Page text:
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Uncovering 5 hidden stages of conflict

Conflict can be productive, but leaders must know which stage of conflict they're in to take the right action, writes Marlene Chism.

5 min read



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Many leaders avoid honest conversations because they fear that honest conversations could ignite conflict with the other person. The narrative goes something like this:  They’ll be surprised. We’ll feel bad. They might cry. Harsh words will be spoken, and trust will be lost. It doesn’t matter much if the other person is an employee, a colleague or our boss; the underlying belief is that conflict is the problem. 

But conflict is not really the problem. The problem is mismanagement, which includes avoiding, undermining,or reorganizing departments instead of facing the issues head-on. 

In short, most of us avoid conversations that could actually save time, increase productivity and build trust. 

What has helped me and many of my clients is to understand how to quickly uncover the five hidden stages that indicate conflict is progressing and, if left unaddressed, contributes to relationship problems and, eventually, a culture of avoidance. 

Snapshot of the hidden stages

Stage 1:  Inner disturbance

Stage 2:  Justifying 

Stage 3:  Seeing them as an adversary 

Stage 4:  Seeking social proof

Stage 5:  Aggression 

Stage 1: Inner disturbance

When you realize that you continually feel bad after an interaction, you’re in the first stage. Perhaps they interrupt you constantly, use innuendo, or discount your ideas. For example, I was working with a team of colleagues and noticed that “Jim” continued to make rude comments, innuendos and subtle put-downs toward me. I started to notice an inner disturbance, the sense that something was off, but I couldn’t quite describe what was happening. When you notice your inner disturbance, don’t discount the feelings or judge yourself for being too sensitive. A coping mechanism when we feel uncomfortable around others is to appease them, smile when angry or nod in approval if we’re confused. Instead, ask yourself this question: “Am I pretending things are OK when they aren’t?” That’s a good sign that you’re mismanaging conflict without even knowing it.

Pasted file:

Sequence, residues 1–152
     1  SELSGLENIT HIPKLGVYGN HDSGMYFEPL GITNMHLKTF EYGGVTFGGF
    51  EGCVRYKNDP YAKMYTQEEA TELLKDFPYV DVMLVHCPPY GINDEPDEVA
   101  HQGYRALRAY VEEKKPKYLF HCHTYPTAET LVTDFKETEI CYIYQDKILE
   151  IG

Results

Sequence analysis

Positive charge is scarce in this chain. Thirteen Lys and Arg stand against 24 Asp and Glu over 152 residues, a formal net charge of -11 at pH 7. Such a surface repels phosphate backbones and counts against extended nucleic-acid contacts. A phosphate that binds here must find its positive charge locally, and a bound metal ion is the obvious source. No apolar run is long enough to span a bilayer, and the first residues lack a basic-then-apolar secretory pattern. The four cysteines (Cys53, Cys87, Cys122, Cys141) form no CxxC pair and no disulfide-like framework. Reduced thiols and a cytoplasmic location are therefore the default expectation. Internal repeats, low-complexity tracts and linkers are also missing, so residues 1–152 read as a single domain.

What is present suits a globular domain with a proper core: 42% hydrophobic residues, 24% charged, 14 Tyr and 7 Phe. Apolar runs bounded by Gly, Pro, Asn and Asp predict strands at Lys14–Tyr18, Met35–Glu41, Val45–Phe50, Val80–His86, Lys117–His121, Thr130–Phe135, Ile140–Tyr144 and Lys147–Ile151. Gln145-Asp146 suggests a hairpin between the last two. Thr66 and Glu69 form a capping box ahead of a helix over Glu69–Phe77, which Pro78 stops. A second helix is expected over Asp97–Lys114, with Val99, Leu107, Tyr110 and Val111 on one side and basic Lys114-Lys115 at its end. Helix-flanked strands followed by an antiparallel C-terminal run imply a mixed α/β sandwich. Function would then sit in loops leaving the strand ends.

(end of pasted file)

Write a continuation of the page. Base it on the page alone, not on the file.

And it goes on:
Stage 2: Justifying

In the above example, I justified pushing my feelings aside. I wanted to give Jim the benefit of the doubt. I said to myself, “Jim’s probably joking, and perhaps I’m being overly sensitive.” This rationalization did nothing to change Jim’s behavior. It only made Jim oblivious to how I really interpreted his behaviors. Here’s what I learned:  Rather than avoiding what you feel or psychoanalyzing yourself, ask yourself these two questions: Do I feel supported or discounted, and do I still trust them?  If you answer “no” to these two questions, it’s time for a conversation.  

Stage 3: Seeing them as an adversary

The longer you wait to have a conversation, the sooner you’ll start to see the other person as a nemesis. No longer are they your colleague or a friend. They are the enemy. You may not have the courage or wit to match theirs, so you stay in silent resentment. Instead of engaging with them authentically, you measure your words to protect yourself. The reality is that people can’t change if you don’t tell them what bothers you. Stop wasting time worrying about who’s right and who’s wrong. The two questions are: do I feel emotionally safe, and am I willing to ask for what I want?  

Stage 4: Seeking social proof

If you don’t address the issue, you’ll start seeking social proof to confirm that you’re right. You watch their interactions with others and wonder if others feel the same way you do. Eventually, you’ll ask someone as I did, “Does Jim come off as rude sometimes?” If they agree, you’ll feel a sense of satisfaction. If they disagree, you’ll question yourself. But it’s not about what others think or who’s wrong. The two questions are: what needs explicitly to stop or start, and what are your choices if they won’t? Remember, you’re not powerless. 

Stage 5: Aggression

If you still haven’t yet addressed the issue, you’ll probably do something that surprises you and everyone else. You’ll blow up. You’ll match their negative energy. You won’t be your best self. You’re no longer collaborating. You’re playing to win match point. Don’t allow yourself to get to Stage Five. 

Stage one is the optimal stage to ask for what you want, seek clarification or set a boundary. The more you deny or justify your experience, the further down the slide you go. 

The breakthrough happens when you identify the stage of conflict you’re in and address the issue as soon as possible. Ask for what you want. Set appropriate boundaries. Stop pretending lousy behavior is OK with you. Stop seeing conflict as a problem but as opposing drives, desires and demands. Conflict can be productive when we learn to speak up faster and let go of seeing the other person as our adversary.  

Opinions expressed by SmartBrief contributors are their own.


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